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Martyred for the Gospel

Martyred for the Gospel
The burning of Tharchbishop of Cant. D. Tho. Cranmer in the town dich at Oxford, with his hand first thrust into the fyre, wherwith he subscribed before. [Click on the picture to see Cranmer's last words.]

Collect of the Day

The Fifth Sunday after the Epiphany.
The Collect.

O LORD, we beseech thee to keep thy Church and household continually in thy true religion; that they who do lean only upon the hope of thy heavenly grace may evermore be defended by thy mighty power; through Jesus Christ our Lord. Amen.

Daily Bible Verse

Saturday, October 22, 2005

The Covenant of Marriage

In this day and time the biblical view of marriage along with traditional family values is increasingly under attack both from outside and within Christianity. Many Evangelicals no longer view marriage as convenantal but merely as a legal transaction between two parties. Admittedly, the Protestant view no longer views marriage as a sacrament where God mysteriously works his grace in binding together a man and a woman. However, the covenantal view is no less serious than the sacramental view.

God is also a part of a Christian marriage when marriage is viewed as a covenant. In fact, there are three parties involved in a Christian marriage--God, the man and the woman. When marriage is seen as merely a transactional agreement between two parties the door is opened for serial marriage as the norm for the marriage relationship. Some Evangelicals have accommodated themselves to an easy divorce social norm in modern culture, ignoring the biblical mandate that marriage is supposed to last for a lifetime. Jesus even said that remarriage without scriptural grounds constitutes adultery.

The fact of the matter is that modern Evangelicals are as guilty as liberals of reading their own views back into Scripture to justify their own views. Unfortunately, it seems that society is dictating mores and norms for Evangelicalism at least as much as Scripture itself. No longer is remarriage seen as potentially an adulterous situation. Some so-called Evangelicals are even advocating gay marriage.

If marriage is merely a social contract and not a covenant with God, then we might as well go the whole nine yards and accept common law marriage and gay marriage. Marriage is supposed to be sacred and holy not common and profane. Some even have the idea that having sex is a form of marriage apart from making vows and legal contracts. The devaluation of men as fathers and leaders in the home is leading to an extreme form of feminism and egalitarianism that is not found in the Bible. The idea that women should be ordained is nowhere to be found in the Bible, yet Evangelicals seem to think that an argument from silence is a strong one on this point. The truth is that Evangelicals want to ordain women merely because that is the prevailing cultural view at this point.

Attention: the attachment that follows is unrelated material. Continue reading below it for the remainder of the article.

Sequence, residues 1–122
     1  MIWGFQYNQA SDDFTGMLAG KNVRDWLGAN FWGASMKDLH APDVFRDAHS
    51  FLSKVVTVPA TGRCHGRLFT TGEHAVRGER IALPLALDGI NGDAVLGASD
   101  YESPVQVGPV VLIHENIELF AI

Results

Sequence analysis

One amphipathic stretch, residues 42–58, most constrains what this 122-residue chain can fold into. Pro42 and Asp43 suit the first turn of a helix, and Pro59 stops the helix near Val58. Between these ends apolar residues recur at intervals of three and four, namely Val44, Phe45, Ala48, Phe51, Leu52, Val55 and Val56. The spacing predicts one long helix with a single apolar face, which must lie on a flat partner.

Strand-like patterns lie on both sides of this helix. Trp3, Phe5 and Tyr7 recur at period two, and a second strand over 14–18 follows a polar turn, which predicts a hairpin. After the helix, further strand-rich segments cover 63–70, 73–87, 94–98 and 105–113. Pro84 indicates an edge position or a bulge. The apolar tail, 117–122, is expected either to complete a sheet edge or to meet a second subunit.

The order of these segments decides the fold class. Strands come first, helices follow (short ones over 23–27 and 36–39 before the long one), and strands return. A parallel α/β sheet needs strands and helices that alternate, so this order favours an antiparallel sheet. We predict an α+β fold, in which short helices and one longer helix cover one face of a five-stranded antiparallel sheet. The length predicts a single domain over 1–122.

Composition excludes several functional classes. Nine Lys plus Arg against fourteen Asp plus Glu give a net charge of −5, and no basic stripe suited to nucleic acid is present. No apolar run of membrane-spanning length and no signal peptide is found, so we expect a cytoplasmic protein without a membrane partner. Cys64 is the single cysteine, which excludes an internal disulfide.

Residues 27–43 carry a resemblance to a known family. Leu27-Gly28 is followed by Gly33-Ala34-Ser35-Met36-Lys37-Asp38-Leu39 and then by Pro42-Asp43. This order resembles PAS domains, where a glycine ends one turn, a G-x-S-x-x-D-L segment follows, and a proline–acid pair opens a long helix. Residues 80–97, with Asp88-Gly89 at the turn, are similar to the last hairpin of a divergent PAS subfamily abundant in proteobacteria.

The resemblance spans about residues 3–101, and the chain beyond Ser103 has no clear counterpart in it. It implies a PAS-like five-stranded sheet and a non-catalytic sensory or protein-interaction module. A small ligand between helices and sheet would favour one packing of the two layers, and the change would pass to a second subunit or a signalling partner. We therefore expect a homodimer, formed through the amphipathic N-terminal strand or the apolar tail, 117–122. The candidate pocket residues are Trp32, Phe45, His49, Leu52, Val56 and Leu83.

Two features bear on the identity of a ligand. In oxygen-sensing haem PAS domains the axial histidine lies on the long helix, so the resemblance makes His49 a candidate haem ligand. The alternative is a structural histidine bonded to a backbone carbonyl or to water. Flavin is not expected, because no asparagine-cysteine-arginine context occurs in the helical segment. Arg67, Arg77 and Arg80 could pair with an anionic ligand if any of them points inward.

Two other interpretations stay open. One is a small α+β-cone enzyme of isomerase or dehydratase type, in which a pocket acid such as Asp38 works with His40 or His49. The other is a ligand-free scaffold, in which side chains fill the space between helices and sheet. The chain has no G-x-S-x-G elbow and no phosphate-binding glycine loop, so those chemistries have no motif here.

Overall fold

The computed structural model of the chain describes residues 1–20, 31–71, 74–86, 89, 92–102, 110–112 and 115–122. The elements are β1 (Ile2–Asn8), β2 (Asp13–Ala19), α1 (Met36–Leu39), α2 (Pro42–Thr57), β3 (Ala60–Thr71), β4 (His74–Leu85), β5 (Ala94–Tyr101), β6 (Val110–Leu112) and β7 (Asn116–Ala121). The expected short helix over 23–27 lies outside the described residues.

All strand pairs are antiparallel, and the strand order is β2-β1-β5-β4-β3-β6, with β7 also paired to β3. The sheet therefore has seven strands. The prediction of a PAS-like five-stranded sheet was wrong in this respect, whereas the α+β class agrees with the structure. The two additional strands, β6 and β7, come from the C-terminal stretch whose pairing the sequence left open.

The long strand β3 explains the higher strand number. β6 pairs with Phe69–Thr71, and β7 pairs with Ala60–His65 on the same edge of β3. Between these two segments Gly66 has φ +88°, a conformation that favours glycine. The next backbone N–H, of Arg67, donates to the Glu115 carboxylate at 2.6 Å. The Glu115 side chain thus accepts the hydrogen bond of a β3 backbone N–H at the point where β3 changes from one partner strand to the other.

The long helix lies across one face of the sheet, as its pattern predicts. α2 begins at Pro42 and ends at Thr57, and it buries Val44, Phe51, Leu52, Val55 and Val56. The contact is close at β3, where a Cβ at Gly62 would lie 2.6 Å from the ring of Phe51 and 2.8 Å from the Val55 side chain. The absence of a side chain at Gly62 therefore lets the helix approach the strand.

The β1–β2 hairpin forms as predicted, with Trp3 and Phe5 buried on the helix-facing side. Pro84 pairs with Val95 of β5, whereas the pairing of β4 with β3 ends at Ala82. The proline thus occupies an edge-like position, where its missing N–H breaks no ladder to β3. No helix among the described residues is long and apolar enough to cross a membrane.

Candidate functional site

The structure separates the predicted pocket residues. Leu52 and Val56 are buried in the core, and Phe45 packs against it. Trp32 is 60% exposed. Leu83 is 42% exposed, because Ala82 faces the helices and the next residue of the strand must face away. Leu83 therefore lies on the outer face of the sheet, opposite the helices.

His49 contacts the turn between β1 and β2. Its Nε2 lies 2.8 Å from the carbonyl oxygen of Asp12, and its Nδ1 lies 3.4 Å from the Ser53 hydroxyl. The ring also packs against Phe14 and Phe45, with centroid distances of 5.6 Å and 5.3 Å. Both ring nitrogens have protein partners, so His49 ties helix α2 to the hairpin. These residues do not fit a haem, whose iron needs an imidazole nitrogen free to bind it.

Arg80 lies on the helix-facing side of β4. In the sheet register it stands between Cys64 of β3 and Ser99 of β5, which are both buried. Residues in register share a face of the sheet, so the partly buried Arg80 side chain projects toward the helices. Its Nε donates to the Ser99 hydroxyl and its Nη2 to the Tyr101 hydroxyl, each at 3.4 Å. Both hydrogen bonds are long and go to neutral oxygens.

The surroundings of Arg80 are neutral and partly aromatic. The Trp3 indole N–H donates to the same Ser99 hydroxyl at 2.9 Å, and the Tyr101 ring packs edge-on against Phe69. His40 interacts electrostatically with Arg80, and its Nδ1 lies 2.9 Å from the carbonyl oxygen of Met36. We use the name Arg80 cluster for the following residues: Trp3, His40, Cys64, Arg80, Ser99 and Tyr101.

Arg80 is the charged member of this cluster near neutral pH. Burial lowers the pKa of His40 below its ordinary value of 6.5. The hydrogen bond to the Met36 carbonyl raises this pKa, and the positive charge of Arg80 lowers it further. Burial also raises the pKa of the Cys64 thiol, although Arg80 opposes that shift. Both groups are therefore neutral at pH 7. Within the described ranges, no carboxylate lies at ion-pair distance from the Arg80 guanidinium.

But my question is whether or not we should follow the world merely because the Bible does not explicitly forbid ordination of women? This artificial egalitarianism has led to the devaluation of Christian marriage as a sacred covenant and to easy divorce. I think it also has ties to the overemphasis on domestic violence as a means of women rebelling against their husbands and destroying the traditional family unit. Of course, if there is real abuse, there should be intervention. But this does not mean the woman has the biblical grounds for a divorce. Neither does it mean that she has the right to remarry. In the majority of cases it is the wife who wants the divorce and many times it is because she wishes to marry another suitor or wants to look for another husband later.

Divorce implies this very thing. Freedom from the bonds of marriage means the freedom to remarry according to societal standards. But our question ought to be, "What does the Bible teach on this subject?"

If we're going to throw out marriage as a lifelong convenant, then we might as well throw out the baby, too. Marriage has become merely a disposable relationship like any other commodity to be traded and exchanged at will. If marriage can be dissolved for any and every reason, what is the point in the first place? Men and women might as well just have temporary relationships and move on when they are tired of one another. Nevermind that there is no security in old age or no security for any children who are born of the union.

Christians are no longer under the law as a means of salvation. But the law does tell us what God expects of us as Christians and how we are to live. We often fail and fall short. However, God is merciful and forgiving. But this does not mean we ought to throw out the covenant of marriage simply because we often fail. The goal remains the same--we ought to be faithful to God and to our spouse.

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